Ethiopia, a mountainous land in Eastern Africa, has an unusual ethnic mixture of Black and Semite. It is one of the oldest Christian lands in Africa and to this day the population is one half Christian. But the ancient Christian Church in Ethiopia has been separated from the bishops of Rome since the fifth century. The division was on the basis of the apparent denial by Ethiopian Christians that there were in Christ incarnate two natures, that of God and that of man. Only one nature, they said.
Attempts were made by Catholic missionaries in the 16th and 17th century to win these Ethiopian Christians back to union with Rome. They failed largely because the Portuguese Christian missionaries tried to impose upon them the liturgy and legal practices customary among Latin Rite Catholics.
A later effort, in the 19th century, was more respectful of local customs and achieved some success. In 1839 a Vincentian priest from Italy, Justin De Jacobis (now Blessed Justin), was sent to Ethiopia to head a mission. He soon met Abba Gabra Michael, an Ethiopian of Portuguese semitic and black ancestry, but a monk of the non-Catholic Ethiopian church. Gabra was not a priest, but a very learned theologian. Father Justin invited him to accompany him to Rome along with a delegation of the Ethiopians to meet the pope. The visit convinced Gabra that he should become a Catholic himself. He did so, in 1844, when aged over fifty. Gabra was a great help to Father Justin in the latter’s effort to found a seminary, and he accepted charge of it. With Father Justin, Gabra composed a catechism adapted to Ethiopian needs, and translated a work of moral theology into the local language. Fr. Justin, banished for a while, was secretly consecrated a bishop. When he returned, he ordained Gabra as his first priest. Later he received him into the Vincentian order.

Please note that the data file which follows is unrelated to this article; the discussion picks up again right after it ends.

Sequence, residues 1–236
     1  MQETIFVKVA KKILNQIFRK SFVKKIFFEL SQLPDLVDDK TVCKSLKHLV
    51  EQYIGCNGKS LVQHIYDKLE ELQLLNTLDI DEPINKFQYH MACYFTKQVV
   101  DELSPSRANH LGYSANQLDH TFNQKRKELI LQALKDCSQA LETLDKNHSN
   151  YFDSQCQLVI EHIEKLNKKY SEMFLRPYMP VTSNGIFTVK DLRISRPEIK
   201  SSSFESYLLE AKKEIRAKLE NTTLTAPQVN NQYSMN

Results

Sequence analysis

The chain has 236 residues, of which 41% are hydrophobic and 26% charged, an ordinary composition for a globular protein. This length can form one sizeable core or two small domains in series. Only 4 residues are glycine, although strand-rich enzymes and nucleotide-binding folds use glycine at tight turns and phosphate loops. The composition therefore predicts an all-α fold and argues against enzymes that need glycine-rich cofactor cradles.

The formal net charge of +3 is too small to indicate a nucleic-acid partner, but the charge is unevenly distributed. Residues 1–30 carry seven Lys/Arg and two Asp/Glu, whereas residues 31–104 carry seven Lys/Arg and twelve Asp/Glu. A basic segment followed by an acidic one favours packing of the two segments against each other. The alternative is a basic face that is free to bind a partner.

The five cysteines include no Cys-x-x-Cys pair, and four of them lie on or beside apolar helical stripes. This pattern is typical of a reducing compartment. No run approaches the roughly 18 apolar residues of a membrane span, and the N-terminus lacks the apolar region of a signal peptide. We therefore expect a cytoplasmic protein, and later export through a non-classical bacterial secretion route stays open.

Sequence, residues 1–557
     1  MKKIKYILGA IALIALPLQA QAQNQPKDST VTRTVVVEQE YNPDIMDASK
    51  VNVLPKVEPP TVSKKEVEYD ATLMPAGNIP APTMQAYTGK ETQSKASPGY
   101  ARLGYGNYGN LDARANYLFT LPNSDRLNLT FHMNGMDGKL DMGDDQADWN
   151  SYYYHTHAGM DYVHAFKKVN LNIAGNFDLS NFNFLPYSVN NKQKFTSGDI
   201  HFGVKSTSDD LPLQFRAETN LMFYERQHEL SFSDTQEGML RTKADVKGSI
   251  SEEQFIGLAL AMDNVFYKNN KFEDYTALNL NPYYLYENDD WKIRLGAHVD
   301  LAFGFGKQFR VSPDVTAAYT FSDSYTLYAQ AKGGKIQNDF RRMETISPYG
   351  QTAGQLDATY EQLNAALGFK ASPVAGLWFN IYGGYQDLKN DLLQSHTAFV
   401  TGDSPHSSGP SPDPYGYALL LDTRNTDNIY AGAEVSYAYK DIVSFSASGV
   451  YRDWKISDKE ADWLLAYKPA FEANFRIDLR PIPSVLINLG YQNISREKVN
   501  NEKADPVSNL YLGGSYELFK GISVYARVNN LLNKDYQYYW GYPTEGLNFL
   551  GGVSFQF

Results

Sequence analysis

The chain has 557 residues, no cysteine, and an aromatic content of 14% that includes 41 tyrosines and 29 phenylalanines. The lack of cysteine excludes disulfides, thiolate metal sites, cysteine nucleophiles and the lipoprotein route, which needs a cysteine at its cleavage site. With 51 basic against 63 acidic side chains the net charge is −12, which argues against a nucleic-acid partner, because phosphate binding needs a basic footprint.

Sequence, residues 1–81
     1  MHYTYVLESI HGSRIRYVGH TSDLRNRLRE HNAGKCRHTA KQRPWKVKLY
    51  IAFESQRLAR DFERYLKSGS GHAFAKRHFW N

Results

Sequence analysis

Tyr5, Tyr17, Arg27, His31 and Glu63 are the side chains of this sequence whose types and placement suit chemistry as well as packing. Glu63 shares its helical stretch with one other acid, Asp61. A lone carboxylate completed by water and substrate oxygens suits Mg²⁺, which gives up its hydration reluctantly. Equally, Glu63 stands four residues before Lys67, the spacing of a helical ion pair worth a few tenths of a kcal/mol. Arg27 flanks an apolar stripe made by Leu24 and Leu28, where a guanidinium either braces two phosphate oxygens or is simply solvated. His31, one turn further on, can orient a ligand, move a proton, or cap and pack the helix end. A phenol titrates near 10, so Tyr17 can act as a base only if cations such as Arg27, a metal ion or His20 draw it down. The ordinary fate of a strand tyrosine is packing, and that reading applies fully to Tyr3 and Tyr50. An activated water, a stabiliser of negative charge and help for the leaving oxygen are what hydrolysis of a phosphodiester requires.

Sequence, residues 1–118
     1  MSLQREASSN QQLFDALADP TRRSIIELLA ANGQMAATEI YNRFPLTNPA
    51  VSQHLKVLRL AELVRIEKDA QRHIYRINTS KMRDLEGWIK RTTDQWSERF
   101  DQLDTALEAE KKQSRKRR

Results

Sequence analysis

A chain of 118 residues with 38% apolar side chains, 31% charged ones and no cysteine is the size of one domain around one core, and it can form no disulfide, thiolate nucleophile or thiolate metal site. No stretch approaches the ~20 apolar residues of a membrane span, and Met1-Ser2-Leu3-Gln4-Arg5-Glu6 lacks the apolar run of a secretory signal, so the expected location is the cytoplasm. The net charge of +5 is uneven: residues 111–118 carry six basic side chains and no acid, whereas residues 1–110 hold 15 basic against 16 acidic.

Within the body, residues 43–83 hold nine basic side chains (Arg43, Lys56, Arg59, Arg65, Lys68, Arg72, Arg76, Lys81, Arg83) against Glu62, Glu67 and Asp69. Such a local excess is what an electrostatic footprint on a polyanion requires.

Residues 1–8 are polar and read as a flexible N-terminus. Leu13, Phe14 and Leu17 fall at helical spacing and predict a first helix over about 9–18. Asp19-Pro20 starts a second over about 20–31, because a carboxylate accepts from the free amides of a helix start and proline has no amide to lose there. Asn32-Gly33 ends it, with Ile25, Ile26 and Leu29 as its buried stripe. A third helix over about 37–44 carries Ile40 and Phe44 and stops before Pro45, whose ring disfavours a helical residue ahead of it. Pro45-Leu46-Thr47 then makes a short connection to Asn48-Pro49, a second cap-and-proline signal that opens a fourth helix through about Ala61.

Although Bishop Justin’s apostolate was now permitted to a certain extent, a reaction occurred against this European “intrusion”, especially after a man named Kassa rebelled and usurped the crown, becoming Theodore II.
Theodore launched a persecution of Roman Catholics. He arrested Gabra and four of his fellow-Ethiopians, and threatened them with torture if they would not give up their allegiance to the Pope. For nine months they were imprisoned, being brought out at intervals and urged now gently, now brutally, to renounce the Pope. When they refused, they were tortured and whipped with a giraffe’s tail – an instrument like a steel cable in its cutting effect. Abuna Salama, the head of the dissident Ethiopian church, was behind this persecution, despite the fact that Gabra had saved his life some years before.
In March, 1855, when Theodore was about to set out on a military expedition, he asked Gabra once more to give in. Gabra would not, so the Emperor condemned him to death. At this point, however, the British consul intervened, and the king commuted the sentence to life imprisonment.
Gabra now sent word to his fellow Catholic Ethiopians still in prison: “Be steadfast to death for your faith. I have no hope of seeing you again on this earth. If they kill me, I shall die testifying to my faith; if they spare me, I shall go on preaching it.”
The Emperor, always on the move, continued to drag Father Gabra along as a prisoner wherever he went. Now in his mid-sixties, the priest was loaded with chains and treated with studied neglect. He caught cholera, but survived it, though weakened. The small rations he was given he shared with other prisoners. Even his guards held Gabra in esteem.
Finally, on August 28, 1855, Father Michael could walk no farther. He just lay down at the side of the road and died. The guards gently removed his chains and buried him.
In 1926 Pope Pius XI beatified this Ethiopian priest. Gabra had proved once more that faith and love are stronger than death.
–Father Robert F. McNamara